Mohammad Amir will return to England this summer, likely to play a pivotal role in an international test series for Pakistan against a team now just one place behind them in the ICC Test rankings. The start of the series has been shrouded in the scandal surrounding Mohammad Amir’s return to Test cricket.
5th February 2011, Mohammad Amir along with senior compatriots Mohammad Asif and Salmon Butt (Pakistan captain) were found guilty of spot fixing and given bans from first class cricket of 5, 7 and 10 years respectively. The ban was given following an article in the News of the World alleging that Amir and Asif bowled deliberate no-balls on the Pakistan tour of England in return for payment from a betting syndicate headed by Mazhar Majeed, a British sporting agent and bookmaker.
The debate amongst pundits, former players, current players and fans is whether Amir should be allowed to represent his country having cheated previously.
He was given a 6 month prison sentence as well as a 5 year ban from international cricket. Following the trial in which he was found guilty he was handcuffed. In an interview with Sky Sports in 2012 he recounted the events:
When they put the handcuffs on I looked down at my bowling hand and started crying. At this point I did not think I would ever play cricket again, and vowed never to think about cricket.
If you look at the punishment as one for an international sportsman who knew exactly what he was doing in cheating his country and the game of cricket then it seems fair, if not a bit lax. However, if you consider the punishment as one for an 18 year old who was browbeaten into bowling a no-ball in one test match, having resisted previous advances from his more senior team-mates, it seems severe.
The problems were initiated when Amir was introduced to a friend of Salmon Butt, a businessman he knew as ‘Ali’. He asked for Amir’s bank details without telling him why. He was then told by Majeed, the bookmaker, that his career was ‘at stake’ following a series of text messages between Ali and himself. The text messages sent from Amir to Ali did seem to suggest he was asked to involve himself in spot fixing in the test match before he bowled the no-balls, at the Oval. They read:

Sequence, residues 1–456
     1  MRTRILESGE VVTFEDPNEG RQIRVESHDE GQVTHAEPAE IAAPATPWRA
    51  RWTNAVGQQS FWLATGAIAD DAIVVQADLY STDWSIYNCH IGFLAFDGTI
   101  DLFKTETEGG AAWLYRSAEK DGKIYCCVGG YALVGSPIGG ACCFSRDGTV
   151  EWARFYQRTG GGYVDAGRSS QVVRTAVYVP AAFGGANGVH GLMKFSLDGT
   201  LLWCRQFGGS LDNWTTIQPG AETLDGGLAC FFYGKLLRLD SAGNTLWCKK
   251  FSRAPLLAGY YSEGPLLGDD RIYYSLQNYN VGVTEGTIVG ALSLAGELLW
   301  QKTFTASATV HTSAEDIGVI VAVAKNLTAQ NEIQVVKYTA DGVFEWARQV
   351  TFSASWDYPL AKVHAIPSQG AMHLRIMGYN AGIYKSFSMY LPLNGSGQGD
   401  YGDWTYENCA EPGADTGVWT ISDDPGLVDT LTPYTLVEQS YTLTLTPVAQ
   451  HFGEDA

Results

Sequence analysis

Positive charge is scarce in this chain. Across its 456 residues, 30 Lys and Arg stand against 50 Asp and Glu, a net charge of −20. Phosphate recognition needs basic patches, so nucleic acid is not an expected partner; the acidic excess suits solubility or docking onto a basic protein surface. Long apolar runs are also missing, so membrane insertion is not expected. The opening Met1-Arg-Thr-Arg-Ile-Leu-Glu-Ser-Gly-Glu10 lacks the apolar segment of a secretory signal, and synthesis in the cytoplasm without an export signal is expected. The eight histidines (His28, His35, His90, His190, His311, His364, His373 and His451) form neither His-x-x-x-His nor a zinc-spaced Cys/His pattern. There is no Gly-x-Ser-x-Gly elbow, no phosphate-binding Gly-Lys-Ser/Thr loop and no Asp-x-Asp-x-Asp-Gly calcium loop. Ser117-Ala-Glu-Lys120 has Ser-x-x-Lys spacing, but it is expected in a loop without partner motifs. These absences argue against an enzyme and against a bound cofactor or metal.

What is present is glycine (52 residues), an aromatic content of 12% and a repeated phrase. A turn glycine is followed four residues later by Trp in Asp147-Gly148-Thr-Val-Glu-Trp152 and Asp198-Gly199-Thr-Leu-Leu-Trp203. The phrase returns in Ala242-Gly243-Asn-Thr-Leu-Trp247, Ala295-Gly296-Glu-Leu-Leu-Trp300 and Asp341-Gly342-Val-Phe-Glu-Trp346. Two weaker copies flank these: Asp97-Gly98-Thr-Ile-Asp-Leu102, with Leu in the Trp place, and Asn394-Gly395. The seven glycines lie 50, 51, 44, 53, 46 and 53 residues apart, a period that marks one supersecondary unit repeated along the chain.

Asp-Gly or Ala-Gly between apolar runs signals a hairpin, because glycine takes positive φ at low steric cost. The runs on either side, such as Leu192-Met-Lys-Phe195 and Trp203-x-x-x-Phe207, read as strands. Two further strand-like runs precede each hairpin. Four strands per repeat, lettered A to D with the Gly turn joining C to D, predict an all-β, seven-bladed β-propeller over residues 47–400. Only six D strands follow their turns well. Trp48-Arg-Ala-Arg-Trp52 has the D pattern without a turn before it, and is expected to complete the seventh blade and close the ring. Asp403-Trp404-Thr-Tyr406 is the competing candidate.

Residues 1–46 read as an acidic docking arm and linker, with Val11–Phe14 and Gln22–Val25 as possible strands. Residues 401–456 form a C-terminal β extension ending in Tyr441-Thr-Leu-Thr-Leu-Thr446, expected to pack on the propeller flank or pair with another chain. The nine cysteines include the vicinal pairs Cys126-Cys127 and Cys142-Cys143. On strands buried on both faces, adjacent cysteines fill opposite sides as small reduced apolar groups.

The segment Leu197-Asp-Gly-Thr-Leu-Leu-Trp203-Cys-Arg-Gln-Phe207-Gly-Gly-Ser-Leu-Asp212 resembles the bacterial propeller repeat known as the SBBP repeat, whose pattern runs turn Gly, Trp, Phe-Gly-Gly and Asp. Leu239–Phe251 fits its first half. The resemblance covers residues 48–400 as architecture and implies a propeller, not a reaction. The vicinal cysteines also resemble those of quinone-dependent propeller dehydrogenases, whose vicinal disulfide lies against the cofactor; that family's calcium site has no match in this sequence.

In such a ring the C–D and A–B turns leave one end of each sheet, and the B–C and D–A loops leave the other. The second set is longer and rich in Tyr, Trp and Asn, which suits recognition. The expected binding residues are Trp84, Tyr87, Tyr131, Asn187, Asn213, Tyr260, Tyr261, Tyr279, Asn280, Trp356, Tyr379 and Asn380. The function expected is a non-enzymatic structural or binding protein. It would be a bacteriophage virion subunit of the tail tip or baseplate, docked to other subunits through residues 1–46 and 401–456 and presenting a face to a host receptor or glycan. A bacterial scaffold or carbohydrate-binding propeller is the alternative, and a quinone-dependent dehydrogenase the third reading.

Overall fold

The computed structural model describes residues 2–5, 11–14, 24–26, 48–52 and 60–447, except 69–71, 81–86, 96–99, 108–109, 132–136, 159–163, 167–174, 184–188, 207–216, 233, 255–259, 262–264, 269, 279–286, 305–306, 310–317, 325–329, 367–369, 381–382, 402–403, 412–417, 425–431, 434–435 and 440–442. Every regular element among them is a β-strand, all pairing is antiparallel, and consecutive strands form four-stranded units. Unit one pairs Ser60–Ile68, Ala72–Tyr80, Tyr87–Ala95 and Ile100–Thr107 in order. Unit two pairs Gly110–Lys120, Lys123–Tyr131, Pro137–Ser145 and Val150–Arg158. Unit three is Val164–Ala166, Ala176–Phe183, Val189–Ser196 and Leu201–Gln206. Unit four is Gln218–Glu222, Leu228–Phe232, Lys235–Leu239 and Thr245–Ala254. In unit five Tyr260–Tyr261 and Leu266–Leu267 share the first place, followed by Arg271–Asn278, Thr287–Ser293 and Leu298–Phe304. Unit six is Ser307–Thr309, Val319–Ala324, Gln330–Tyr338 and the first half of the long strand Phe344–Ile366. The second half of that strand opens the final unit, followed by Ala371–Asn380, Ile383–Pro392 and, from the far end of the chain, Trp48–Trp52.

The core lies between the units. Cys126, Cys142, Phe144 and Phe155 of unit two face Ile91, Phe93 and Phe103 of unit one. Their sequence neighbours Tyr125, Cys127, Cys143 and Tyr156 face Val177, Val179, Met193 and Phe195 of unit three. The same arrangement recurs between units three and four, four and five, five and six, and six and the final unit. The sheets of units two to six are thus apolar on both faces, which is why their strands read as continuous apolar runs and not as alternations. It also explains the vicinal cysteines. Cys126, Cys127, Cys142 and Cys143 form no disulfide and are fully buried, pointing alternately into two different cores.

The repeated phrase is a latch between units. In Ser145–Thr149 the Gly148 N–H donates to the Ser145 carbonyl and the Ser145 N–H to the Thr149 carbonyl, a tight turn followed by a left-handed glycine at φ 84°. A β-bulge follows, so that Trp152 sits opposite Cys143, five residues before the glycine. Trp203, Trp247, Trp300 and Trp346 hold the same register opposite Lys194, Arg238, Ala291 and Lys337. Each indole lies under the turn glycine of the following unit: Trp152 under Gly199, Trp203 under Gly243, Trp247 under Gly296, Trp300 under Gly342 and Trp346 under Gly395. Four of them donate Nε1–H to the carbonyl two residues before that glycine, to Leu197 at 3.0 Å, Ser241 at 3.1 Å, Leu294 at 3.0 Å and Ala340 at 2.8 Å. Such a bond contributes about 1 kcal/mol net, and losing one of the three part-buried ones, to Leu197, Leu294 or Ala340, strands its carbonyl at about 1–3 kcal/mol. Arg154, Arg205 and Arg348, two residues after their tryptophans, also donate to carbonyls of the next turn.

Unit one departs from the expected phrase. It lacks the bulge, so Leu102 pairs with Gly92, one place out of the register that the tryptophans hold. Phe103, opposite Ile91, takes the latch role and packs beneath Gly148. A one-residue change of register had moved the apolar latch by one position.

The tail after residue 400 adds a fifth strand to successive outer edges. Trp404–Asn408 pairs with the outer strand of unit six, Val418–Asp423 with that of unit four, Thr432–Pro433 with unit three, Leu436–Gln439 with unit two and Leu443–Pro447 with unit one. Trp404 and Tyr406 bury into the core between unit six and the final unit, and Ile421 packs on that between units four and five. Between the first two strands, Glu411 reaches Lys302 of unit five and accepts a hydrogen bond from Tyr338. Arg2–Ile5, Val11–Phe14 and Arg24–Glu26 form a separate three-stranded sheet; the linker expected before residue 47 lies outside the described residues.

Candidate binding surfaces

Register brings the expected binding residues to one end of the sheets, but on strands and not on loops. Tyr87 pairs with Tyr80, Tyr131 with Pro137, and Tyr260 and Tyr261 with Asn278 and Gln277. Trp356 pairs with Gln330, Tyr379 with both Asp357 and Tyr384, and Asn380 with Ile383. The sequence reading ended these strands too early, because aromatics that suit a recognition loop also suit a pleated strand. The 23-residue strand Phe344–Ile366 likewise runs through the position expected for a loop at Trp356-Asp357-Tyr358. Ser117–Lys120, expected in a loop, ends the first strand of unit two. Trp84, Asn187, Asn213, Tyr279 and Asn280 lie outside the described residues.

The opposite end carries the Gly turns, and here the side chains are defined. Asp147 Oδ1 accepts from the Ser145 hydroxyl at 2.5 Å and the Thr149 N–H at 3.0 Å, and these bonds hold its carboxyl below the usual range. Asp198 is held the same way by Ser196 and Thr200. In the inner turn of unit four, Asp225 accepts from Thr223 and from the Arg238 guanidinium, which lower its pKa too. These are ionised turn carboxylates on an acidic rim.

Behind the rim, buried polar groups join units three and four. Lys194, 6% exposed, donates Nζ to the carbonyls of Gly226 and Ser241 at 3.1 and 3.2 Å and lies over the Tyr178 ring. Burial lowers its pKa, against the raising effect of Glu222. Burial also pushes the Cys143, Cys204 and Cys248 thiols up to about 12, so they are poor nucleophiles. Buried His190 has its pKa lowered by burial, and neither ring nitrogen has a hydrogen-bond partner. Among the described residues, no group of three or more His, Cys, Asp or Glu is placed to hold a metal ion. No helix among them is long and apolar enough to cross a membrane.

yes; yes what; for how much; but what needs to be done; it would be too much friend; so in the first 3 bowl whatever you like and in the last 2 do 8 runs
Amir at no stage received any money from Ali.
It was at this point, with the fear of a report being sent to the ICC concealing the details of the conversations between Amir and Ali, that Majeed and Butt persuaded Amir to bowl 2 no-balls at specific points in the Test match at Lords. Butt, his captain and role model, encouraged Amir to practice his no-balls and exclaimed the cheating as ‘not a big deal’. Amir, in his interview with Sky Sports, remembered that his overriding feeling was that Butt was ‘helping him to get out of a tricky situation’.
However, Amir is of course not innocent, and was well aware of what he was doing:
I knew it was unfair to cricket, because it is cheating. No matter how small the dishonest deed is, at the end of the day cheating is cheating.
Between the test match at Lords and the eventual trial in England, Amir, along with Butt and Asif, proclaimed his innocence. The fear of what might happen had now become a reality, and still Amir could not emerge from the shadow that the so-called senior, elite, experienced cricketers in the Pakistani team had cast over him.
I hope that the crowds in England will enjoy Amir’s return to Test cricket and remember that he was one of the most gifted seam bowlers to be seen on a debut tour of England. Mohammad Amir was a victim of his own inexperience coupled with circumstances that found him amongst a group of cheats. Let’s not punish him further for a stupid mistake made in an extraordinarily toxic atmosphere.